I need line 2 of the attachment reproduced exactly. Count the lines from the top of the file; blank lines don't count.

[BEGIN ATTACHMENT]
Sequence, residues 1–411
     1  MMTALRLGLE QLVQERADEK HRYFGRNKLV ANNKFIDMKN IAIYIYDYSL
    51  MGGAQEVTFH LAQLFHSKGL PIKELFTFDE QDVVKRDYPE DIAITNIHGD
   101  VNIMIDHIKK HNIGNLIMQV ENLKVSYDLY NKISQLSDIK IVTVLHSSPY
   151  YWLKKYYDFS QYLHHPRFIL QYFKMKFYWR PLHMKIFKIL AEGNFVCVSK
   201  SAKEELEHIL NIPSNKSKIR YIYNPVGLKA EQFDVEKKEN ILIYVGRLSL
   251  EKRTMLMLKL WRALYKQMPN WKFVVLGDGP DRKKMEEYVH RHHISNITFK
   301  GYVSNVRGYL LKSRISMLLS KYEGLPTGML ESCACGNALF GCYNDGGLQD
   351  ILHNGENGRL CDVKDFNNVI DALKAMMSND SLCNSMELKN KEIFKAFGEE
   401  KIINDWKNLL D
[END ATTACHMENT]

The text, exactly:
     1  MMTALRLGLE QLVQERADEK HRYFGRNKLV ANNKFIDMKN IAIYIYDYSL